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By Travis Mullis

On Aug. 6, 1945, the Enola Gay, an American bomber, dropped the “Little Boy” atomic bomb on Hiroshima, Japan, instantly killing tens of thousands of Japanese civilians. On Aug. 9, another bomb, named “Fat Man,” was dropped on the city of Nagasaki, also claiming tens of thousands of lives in an instant. “Little Boy” and “Fat Man” were created by the Manhattan Project deep in the desert of New Mexico, at Los Alamos. The man who headed that project was J. Robert Oppenheimer, the subject of Christopher Nolan’s latest film, now showing at the Independent Picture House. Oppenheimer, like all of Nolan’s films, is pure spectacle that begs to be seen on the big screen. Also like all of his films, it is crammed full of technical brilliance, a slick ensemble cast, great visual effects, a soaring musical score and as many big ideas as Nolan could pack into the script. Where it differs from his past films is the moral and ethical questions it raises throughout.

In the years that led up to World War II, Albert Einstein wrote a letter to President Roosevelt about the possibility of using quantum mechanics and theoretical physics to devise a weapon that would be so powerful its very existence could threaten the future of the human race. Once this idea was planted in Roosevelt’s mind, it seemed the only possible outcome would be America’s quest to try and build just such a weapon. The thinking then and now was that someone in the world was going to develop this weapon, so it might as well be us. We certainly didn’t want the Nazis getting there first, though it turns out their efforts in that direction ended well short of fruition.

This past Sunday I had the privilege of seeing Oppenheimer at IPH. The film was followed by a lively and thoughtful panel discussion about the film and the moral and ethical dilemmas it grapples with. The panel was moderated by Tim Funk, a retired reporter for The Charlotte Observer, and consisted of Dr. Eric Mullis, a philosophy professor at Queens University of Charlotte, and Umesh Silwal, a lecturer in nuclear physics at UNC Charlotte. The central question for both the film and the panel was whether or not using the bombs developed by the Manhattan Project was morally and ethically right. The takeaway from Oppenheimer is a fairly definite no. The panel seemed to have a more mixed response. 

The thinking at the time among the top brass of the American military was that Japan wouldn’t surrender without a full-scale invasion of the home islands. Such an operation would require millions of men and several hundred thousand casualties and deaths. Therefore, use of the bomb was justified because it would save the lives of American service members. Dr. Mullis mentioned that his grandfather fought in the Pacific and would surely have been part of any invasion force, something that weighed on his mind as he considered the morality of the situation. To most people, use of the bombs was necessary to save American lives.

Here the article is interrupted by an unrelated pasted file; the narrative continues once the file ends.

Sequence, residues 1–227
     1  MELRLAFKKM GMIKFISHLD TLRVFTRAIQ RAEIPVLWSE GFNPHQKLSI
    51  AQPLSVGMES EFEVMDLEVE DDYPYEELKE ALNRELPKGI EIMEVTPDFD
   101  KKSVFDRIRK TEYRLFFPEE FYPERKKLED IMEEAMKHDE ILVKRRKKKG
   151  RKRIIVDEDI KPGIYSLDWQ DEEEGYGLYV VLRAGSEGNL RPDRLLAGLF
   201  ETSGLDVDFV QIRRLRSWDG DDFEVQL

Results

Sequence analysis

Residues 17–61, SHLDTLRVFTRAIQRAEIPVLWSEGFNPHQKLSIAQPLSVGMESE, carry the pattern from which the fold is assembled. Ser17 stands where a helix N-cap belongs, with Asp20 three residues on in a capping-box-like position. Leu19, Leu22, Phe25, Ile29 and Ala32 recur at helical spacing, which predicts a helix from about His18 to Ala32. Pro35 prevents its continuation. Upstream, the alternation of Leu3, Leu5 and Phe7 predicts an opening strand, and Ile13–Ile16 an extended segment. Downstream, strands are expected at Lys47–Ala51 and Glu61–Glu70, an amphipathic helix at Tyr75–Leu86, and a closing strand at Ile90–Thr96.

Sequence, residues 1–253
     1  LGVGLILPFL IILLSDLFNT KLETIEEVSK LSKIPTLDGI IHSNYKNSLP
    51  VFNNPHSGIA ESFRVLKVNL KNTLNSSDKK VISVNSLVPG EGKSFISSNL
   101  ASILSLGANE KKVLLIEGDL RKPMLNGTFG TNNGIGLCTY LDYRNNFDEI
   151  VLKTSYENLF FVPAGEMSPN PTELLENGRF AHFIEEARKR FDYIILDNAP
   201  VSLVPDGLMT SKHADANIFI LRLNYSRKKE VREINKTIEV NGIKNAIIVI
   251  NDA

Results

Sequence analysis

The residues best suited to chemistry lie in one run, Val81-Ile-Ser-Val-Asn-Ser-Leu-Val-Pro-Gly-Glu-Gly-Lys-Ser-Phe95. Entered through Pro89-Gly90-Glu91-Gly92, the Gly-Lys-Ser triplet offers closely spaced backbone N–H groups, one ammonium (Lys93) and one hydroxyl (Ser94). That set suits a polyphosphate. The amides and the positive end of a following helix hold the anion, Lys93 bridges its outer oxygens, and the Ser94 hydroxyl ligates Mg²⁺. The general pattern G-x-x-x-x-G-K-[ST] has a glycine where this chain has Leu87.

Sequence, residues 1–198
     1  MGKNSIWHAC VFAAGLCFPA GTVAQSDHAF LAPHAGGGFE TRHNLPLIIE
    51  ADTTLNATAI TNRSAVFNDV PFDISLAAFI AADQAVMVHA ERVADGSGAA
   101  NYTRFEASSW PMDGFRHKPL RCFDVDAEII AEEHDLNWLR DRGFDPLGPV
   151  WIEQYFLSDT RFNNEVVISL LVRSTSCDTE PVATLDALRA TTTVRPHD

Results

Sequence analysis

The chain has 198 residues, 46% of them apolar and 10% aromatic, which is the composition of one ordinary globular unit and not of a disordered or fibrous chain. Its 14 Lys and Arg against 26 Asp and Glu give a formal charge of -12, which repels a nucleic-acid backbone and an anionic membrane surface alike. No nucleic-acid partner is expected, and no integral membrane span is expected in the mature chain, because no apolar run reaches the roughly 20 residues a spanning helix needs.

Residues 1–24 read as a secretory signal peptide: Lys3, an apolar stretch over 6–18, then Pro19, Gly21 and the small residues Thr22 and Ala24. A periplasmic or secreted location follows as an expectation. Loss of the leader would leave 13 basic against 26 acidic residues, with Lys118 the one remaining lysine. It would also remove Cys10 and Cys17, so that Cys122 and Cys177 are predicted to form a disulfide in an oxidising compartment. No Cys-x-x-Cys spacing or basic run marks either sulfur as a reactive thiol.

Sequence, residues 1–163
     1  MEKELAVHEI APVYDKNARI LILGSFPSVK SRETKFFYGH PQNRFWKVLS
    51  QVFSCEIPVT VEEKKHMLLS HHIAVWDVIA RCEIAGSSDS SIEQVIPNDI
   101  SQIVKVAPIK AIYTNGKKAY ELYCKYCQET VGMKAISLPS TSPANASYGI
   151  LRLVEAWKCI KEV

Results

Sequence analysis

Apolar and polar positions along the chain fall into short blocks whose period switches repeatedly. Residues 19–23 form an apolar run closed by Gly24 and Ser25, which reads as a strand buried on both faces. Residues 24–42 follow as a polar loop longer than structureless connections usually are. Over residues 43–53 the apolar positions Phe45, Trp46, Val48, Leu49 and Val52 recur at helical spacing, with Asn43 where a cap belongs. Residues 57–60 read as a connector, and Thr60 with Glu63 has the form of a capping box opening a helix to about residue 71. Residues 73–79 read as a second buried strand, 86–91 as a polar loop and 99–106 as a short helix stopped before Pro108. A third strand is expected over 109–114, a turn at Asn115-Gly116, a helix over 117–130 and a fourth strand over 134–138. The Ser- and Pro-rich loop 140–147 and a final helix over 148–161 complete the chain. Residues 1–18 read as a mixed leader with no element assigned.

But what if the whole idea that the United States had to invade Japan was wrong? That possibility has always intrigued me. The Empire of Japan was close to collapse in the summer of 1945 and considering surrender but holding out for more favorable results from a negotiation. Little did they know what was coming, or perhaps they would have surrendered sooner. The issues raised by the film are profound, so inevitably I left the panel discussion with more questions than answers, but I found it enlightening nonetheless.

The publicity and buzz around Oppenheimer has been slowly building for months. Touted as both an epic feast of apocalyptic imagery and a deeply personal retelling of a towering American intellectual’s struggle with the moral and ethical dilemmas of his age, this film has been called Christopher Nolan’s masterpiece and the most important film of the year. It mostly succeeds in delivering a well-crafted biopic about a decisive man in a decisive moment in American history. Surprisingly, Nolan also delivers a hefty dose of emotional depth often lacking in his filmography. But perhaps most surprising of all, the film seems to fly by, something not often said of a film that clocks in at three hours.

Nolan has always been a director in love with big ideas, whether they be the brain’s ability to remember, complex magic tricks, space and time travel, the subconscious and dreams, vigilante justice and terrorism, or atomic weapons. With Oppenheimer, he has delivered his most grown-up film and his most emotional one. See it for yourself and join the national discussion this film has sparked about the moral and ethical use of technology and who gets to use it.


Travis Mullis is a Charlotte native and freelance writer always on the lookout for a good meal and a good film.
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